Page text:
All posts by Tom Verghese

Bridging the Cultural Gap – A Case in Point

Having an understanding of Cultural Intelligence in one thing. Knowing where and when to apply it is a different thing altogether.

Photo by Wojtek Witkowski on Unsplash

Over the last few months we have discussed the idea of what Cultural Intelligence (CQ) is, the 4 key components that comprise CQ and how they are can be utilised in the workplace to assist us to work more effectively across distance, culture and time.

From here I will describe some case studies so that you are better able to grasp some of the issues that can arise when working across culture. Then I will explore ways to reduce tension and miscommunication.

Recognising the Cultural Differences

Recently I was with an Australian organisation that has a global presence. As their business grows and matures in the international market, it is becoming increasingly important for them to adopt a more culturally agile approach. During the discussion an incident was raised that did not have the desired impact.

Due to the growing awareness around mental health and the increasing rate of suicide in Australia, a dedicated day called “R U Ok Day” is held on September 12 every year to focus on mental health. The idea of having this day is to encourage people to ask others how they are feeling, if there are issues to share, so that they feel supported and not isolated.

It is recognised in Australia as an important step towards reducing suicide and developing a strong and supportive network for those that may be struggling with mental health.

This organisation extended the recognition of the “R U OK Day” event to it’s international offices, thinking it would be a powerful, well received and progressive gesture.

Despite the good intentions held by the organisation in promoting these values of openness and support, the organisation received a lot of resistance particularly from offices in the Asian countries. The pushback from the Asian offices occurred because, while the organisation acted with the best intentions they did not foresee the impact of those intentions.  

The organisation failed to take into consideration how this kind of discussion might be received in different cultures. In many Asian cultures, discussing mental health or experiencing mental health issues is very taboo.

Admitting you have problems is a source of shame in these cultures so understandably this initiative caused unease and tensions for the offices. The offices felt that this had been forced upon them and it was anything but well received.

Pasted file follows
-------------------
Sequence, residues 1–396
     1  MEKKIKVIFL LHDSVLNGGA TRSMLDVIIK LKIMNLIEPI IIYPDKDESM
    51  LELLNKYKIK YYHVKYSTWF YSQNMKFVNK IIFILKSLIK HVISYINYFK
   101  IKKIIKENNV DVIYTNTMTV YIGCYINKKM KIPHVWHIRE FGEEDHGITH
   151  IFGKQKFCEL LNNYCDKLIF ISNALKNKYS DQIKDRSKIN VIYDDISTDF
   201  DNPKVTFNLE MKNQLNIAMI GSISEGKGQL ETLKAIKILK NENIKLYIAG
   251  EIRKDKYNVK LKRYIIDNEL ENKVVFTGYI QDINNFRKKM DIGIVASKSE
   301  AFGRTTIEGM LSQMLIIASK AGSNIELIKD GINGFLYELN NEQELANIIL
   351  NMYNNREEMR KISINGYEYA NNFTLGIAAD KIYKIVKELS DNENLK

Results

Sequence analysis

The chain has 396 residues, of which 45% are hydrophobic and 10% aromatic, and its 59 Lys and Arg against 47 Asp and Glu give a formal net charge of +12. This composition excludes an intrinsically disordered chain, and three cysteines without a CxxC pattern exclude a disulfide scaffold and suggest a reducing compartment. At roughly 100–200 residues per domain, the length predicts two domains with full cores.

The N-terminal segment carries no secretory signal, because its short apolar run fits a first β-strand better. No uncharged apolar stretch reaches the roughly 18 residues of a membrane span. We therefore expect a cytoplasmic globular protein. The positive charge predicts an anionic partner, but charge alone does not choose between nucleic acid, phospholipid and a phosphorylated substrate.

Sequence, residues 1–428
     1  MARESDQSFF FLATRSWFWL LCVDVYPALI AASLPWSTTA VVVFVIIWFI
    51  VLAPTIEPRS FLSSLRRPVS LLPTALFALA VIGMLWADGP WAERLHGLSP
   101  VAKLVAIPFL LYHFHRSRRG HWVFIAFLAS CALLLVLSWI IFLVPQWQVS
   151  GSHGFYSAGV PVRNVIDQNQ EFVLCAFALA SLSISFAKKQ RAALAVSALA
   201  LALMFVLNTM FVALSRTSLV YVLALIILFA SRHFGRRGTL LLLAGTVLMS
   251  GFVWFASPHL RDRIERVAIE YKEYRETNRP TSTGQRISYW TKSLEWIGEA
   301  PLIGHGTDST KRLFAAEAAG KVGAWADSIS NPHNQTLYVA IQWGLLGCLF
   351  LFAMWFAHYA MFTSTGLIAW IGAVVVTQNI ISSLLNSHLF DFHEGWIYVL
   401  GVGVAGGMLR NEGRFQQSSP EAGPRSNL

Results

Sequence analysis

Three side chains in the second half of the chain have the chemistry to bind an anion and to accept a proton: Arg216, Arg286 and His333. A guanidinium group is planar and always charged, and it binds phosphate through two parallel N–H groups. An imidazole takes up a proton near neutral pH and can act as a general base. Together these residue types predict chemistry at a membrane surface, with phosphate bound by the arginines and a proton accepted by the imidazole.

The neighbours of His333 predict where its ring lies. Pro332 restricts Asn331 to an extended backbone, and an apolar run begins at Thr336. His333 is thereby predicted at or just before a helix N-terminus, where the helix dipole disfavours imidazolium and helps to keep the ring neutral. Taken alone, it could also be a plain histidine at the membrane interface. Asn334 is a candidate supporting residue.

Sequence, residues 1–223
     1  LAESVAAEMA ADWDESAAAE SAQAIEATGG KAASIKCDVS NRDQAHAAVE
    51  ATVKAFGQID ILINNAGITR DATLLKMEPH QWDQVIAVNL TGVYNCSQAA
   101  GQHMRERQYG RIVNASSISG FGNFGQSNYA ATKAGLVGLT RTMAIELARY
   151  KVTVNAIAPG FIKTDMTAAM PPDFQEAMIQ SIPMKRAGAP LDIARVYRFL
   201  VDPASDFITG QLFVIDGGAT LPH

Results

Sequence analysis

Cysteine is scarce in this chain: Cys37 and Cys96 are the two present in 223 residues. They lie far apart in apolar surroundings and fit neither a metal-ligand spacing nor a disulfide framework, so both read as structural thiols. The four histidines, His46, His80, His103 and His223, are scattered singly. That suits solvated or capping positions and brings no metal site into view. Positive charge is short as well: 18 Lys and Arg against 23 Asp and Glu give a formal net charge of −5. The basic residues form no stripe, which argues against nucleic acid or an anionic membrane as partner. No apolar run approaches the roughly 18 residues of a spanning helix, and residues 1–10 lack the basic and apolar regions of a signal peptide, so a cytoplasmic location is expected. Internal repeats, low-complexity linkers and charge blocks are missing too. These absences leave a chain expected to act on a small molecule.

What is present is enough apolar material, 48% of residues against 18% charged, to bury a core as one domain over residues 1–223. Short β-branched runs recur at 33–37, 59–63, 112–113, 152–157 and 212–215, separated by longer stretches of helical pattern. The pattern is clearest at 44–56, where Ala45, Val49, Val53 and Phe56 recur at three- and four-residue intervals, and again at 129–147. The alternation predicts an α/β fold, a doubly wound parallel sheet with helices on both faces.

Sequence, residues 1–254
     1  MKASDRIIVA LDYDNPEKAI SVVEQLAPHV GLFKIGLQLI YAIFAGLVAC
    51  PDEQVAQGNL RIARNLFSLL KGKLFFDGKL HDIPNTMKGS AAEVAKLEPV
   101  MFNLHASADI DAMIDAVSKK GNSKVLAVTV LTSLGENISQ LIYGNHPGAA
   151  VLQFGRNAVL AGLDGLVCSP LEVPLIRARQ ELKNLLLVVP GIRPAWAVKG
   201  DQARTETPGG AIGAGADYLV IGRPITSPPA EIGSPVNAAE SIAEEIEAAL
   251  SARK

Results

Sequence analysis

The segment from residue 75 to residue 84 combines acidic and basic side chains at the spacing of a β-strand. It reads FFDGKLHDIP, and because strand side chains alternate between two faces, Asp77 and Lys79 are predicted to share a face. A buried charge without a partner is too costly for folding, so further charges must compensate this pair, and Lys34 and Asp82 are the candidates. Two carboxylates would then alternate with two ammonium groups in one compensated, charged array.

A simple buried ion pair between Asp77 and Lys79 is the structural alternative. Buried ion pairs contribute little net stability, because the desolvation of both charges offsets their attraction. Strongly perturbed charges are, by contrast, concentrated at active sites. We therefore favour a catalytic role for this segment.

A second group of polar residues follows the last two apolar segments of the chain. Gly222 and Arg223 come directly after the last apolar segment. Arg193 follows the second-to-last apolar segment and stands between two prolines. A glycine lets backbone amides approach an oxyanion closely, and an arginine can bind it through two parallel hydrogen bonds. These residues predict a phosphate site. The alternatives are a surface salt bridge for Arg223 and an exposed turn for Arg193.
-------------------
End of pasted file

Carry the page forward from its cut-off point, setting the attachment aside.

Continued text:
Avoiding Cultural Tension

How then can we avoid a situation like this in our own workplaces?

Some points for consideration are:

  • Be Conscious:

Be aware of our own biases – this means being mindful that the way in which you view a behaviour, practice or topic may not be the same as some one from a different culture. Culture is effectively the lens through which you view the world, so it is important that whenever you are working across culture you consider how your actions, attitudes and behaviours will be received.

At the same time, how do you attempt to understand the “other” point of view?

  • Ask Questions:

When introducing new initiatives, it is imperative to ask questions and receive feedback so you are able to gauge the response before putting things into place. Listening to the perspective of those in a different culture will broaden your perspective especially with new initiatives.

  • Be Adaptive:

If an initiative is introduced and not so well received in a different cultural context, then it becomes necessary to consider how to adapt, adopt or modify this so that it can be more easily accepted by the cultural group involved.

These types of situations require the utilisation of all of the components of Cultural Intelligence that we have previously discussed – Drive, Knowledge, Strategy and Action. By incorporating these elements into our cross cultural interactions we are in a better position to maintain and strengthen our relationships, which will lead to better outcomes.

Procurement Across Borders – Understanding CQ Action